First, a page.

The air pollution in Central London and the London borough of Croydon is being forecast daily as part of a pioneering ESA-backed project.
Around a thousand asthma sufferers and other vulnerable individuals in Croydon should soon receive text message warnings to their mobile phones before elevated air pollution days, with additional patients in other London boroughs receiving the service later on. The YourAir service predicts levels of the pollutants nitrogen dioxide, ozone and airborne particles – exposure to which can harm people with asthma, lung and heart problems, and in the very highest concentrations can harm otherwise healthy people.
The forecasts include predictions of overall effects on health on an index from one to ten. Unlike previous systems, YourAir resolves air pollution down to the scale of individual streets – highest levels are often found along routes with heavy traffic or other pollution sources, so information on street-by-street changes in pollution help vulnerable people make informed choices about their travel routes.
The prototype service covers Central London and Croydon in South London. Croydon is one of the largest boroughs by area and the largest by population, with 330 000 residents.
YourAir is being developed by Cambridge Environmental Research Consultants (CERC) as a demonstration service of ESA's PROMOTE project, intended to deliver atmospheric information to support informed decision making in this field and improve quality of life.
PROMOTE is itself part of Global Monitoring for Environment and Security (GMES), a joint initiative between ESA and the European Union to integrate all available space- and ground-based information sources to develop an independent European environmental monitoring capacity from planetary to local scales.
"The YourAir service works by combining data from the various sources available," said Iarla Kilbane-Dawe of CERC. "It combines regional air quality forecasts provided by PROMOTE with information on local road traffic patterns.
"We also employ information from monitoring stations around the city. Because their coverage is limited they don't help with generating forecasts, but serve as a key way of validating our results, which so far have been around 90% accurate. For the next stage of the project we aim to improve the accuracy further by integrating other data sources, especially satellite observations and more data on traffic patterns."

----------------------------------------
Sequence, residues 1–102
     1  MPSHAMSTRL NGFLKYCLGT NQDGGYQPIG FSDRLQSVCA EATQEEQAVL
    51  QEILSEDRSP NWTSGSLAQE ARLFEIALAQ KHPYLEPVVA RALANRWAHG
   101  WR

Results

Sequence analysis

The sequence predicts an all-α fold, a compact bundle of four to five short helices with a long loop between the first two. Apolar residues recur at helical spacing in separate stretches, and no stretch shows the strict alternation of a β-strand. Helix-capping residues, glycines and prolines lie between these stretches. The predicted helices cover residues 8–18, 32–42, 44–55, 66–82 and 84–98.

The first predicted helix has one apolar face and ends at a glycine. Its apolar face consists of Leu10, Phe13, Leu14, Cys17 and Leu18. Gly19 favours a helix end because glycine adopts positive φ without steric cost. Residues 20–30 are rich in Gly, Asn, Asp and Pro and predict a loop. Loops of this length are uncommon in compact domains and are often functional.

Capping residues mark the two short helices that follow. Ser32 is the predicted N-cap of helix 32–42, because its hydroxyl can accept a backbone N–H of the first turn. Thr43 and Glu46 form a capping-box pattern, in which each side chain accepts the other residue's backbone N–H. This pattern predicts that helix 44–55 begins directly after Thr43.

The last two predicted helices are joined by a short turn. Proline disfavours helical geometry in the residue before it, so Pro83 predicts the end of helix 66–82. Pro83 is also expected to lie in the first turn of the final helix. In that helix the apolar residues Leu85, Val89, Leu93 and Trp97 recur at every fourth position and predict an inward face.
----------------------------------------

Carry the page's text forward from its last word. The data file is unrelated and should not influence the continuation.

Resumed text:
Regional air quality information is important because not all the pollution affecting a city actually originates there. Depending on the weather, studies show that up to half the air pollution found in some European cities might have come from elsewhere in the continent – the Ruhr in Germay for instance, or as far away as Italy's Po Valley.
"With air pollution arising, its distribution drops off steeply away from major roads or other sources because it mixes vertically as well as horizontally," Kilbane-Dawe explained. "On most days the air rises, taking the pollution with it – as high as 800 metres in the winter, or two kilometres in the summer. So within an hour or so of rush hour the concentrated pollution can waft away."
Some of the highest pollution levels occur when the meteorological situation means local pollution remains trapped close to the ground, combined with pollution plumes from elsewhere.
In the case of London this happens most often during the winter – the animation above shows citywide pollution patterns during the 24 hours of 15 November 2000, when such a high pollution event took place.
"This animation was created by us for the Building Exploratory, an interactive exhibition in the London borough of Hackney," Kilbane-Dawe added. "The traffic data used to generate this animation isn't yet available in real time - the animation includes detailed data from all 31 London boroughs - but it illustrates well the way pollution can concentrate near major roads and follows traffic patterns, and it demonstrates what we expect will become a routine type of urban air quality forecast within a few years."
A linked project called airTEXT involves sending a text message to the mobile phones of a thousand vulnerable individuals during the evening before days when air pollution may be moderate or high. The message will also advise on steps they can take to minimise their pollution exposure and manage their symptoms.
Also backed by PROMOTE, AirTEXT is a partnership between CERC, Croydon Council, the Croydon Primary Care Trust and the South West London Health Protection Unit.
Source: Eurekalert & othersLast reviewed: By John M. Grohol, Psy.D. on 21 Feb 2009
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